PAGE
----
According to the 2017 Homeless Point-in-Time Count, of the 1,100 people experiencing homelessness in Marin, only 15% were employed. Despite this low rate of employment, of the people who were unemployed, only 23% reported being unable to work. Therefore, there is a tremendous opportunity to help people experiencing homelessness in Marin reenter the workforce.
To that end, the City of San Rafael is excited to announce that in partnership with the County of Marin, Homeward Bound, Downtown Streets Team, and the San Rafael Chamber of Commerce, we will be hosting Marin’s 1st Annual Community Job Fair. This event started as a way to help people experiencing homelessness in our community, but the EVENT IS OPEN TO ALL JOB SEEKERS.
We have received an amazing response from local businesses, and we have maxed out venue capacity with 65 confirmed employers. In this three-part series, Andrew Hening, San Rafael’s director of homeless planning, will discuss the link between employment and homelessness.
Housing “affordability” is often discussed in the context of housing prices, but it is equally dependent on how much we have to spend. For most of us, how much we have to spend is dependent on the wages we earn at our jobs.
The Department of Housing & Urban Department defines housing affordability as “housing for which the occupant(s) is/are paying no more than 30 percent of his or her income for gross housing costs.”
According to a recent story in the Marin IJ, the median price of a one-bedroom apartment in San Rafael is $2,580. You would have earn $103,000 a year to afford the median one-bedroom apartment in San Rafael. 70% of Marin’s workers earn less than that.
According to the Harvard Business Review article “Why Wages Aren’t Growing in America”, for wages to grow on a sustained basis:
- Workers have to produce more goods and services
- Workers must receive a consistent share of the revenue coming from these new goods and services
Since the 1970s,the economy has continued to grow, but for the average worker, wages have stayed flat. Why?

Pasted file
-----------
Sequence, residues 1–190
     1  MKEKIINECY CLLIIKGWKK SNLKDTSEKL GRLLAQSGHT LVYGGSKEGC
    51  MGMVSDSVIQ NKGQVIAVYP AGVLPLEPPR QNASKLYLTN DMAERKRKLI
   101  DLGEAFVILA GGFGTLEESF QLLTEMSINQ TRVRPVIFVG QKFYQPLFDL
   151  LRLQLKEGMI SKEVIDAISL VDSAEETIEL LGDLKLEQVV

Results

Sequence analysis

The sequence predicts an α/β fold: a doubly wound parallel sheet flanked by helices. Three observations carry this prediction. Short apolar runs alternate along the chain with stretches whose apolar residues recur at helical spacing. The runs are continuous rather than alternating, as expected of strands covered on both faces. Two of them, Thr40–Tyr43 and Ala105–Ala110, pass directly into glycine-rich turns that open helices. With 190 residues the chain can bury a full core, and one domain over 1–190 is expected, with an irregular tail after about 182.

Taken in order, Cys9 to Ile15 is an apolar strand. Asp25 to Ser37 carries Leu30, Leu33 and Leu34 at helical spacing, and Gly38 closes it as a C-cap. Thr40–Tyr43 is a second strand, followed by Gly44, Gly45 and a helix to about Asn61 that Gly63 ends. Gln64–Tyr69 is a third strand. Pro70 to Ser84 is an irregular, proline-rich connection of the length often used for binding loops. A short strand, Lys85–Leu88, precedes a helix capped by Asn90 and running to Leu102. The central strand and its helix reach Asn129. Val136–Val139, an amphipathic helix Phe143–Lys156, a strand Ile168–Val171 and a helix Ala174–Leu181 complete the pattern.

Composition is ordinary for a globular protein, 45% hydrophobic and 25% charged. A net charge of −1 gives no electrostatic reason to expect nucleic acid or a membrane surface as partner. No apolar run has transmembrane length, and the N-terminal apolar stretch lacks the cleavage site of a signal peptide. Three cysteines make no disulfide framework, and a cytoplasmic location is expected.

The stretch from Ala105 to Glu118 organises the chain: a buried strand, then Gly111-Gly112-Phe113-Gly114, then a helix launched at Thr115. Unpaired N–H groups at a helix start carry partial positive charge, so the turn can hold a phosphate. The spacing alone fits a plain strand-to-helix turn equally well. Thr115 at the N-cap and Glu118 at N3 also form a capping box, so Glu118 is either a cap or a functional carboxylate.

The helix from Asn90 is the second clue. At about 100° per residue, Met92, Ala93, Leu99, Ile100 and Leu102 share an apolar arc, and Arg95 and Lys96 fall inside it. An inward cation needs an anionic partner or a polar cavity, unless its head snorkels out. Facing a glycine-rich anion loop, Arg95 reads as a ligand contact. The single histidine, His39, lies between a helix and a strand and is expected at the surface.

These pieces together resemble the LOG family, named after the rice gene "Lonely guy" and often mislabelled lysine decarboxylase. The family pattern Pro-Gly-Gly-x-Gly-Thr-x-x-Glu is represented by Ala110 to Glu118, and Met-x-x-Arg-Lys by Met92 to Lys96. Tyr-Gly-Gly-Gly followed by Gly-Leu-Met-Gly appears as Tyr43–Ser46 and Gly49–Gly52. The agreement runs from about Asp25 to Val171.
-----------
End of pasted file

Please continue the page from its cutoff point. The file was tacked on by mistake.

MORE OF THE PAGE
How Does the Economy Grow?
Economic prosperity is typically calculated by measuring something called GDP (Gross Domestic Product). GDP is a fancy way of saying “the value all of the goods and services produced in the economy.” At the end 2017, GDP in the US was $19.7 Trillion. To get per capita (i.e. per person) GDP, you divide that number by everyone in the country. $19.7 Trillion divided by 323 million people is approximately $61,000 per person.
Controlling for inflation, our country’s per capita GDP has steadily climbed over the last 150 years. In the 1860s per capita GDP was comparable to modern day Pakistan. Today it is the 20th highest in the world.
In order to increase GDP – and thus wealth and prosperity – you have to grow the economy by creating more goods and services. To understand how that works, imagine we live on a small island with 1,000 people, and the only items our island’s economy produces are huts and coconuts. How could we increase the amount of goods and services we produce?
- We could have more children and increase our population to 2,000 people. With more workers and inhabitants, we could harvest more coconuts and build more huts.
- Someone could figure out a new way to harvest coconuts or a more efficient technique for building huts, thus making labor more productive (i.e. the same person can create more in the same amount of time).
- Someone could figure out how to make fishing poles (i.e. create a new physical technology), and thus add fish to our economy.
- Someone could figure out the concept of home insurance (i.e. create a new social technology) and create a new marketplace insuring beachfront huts.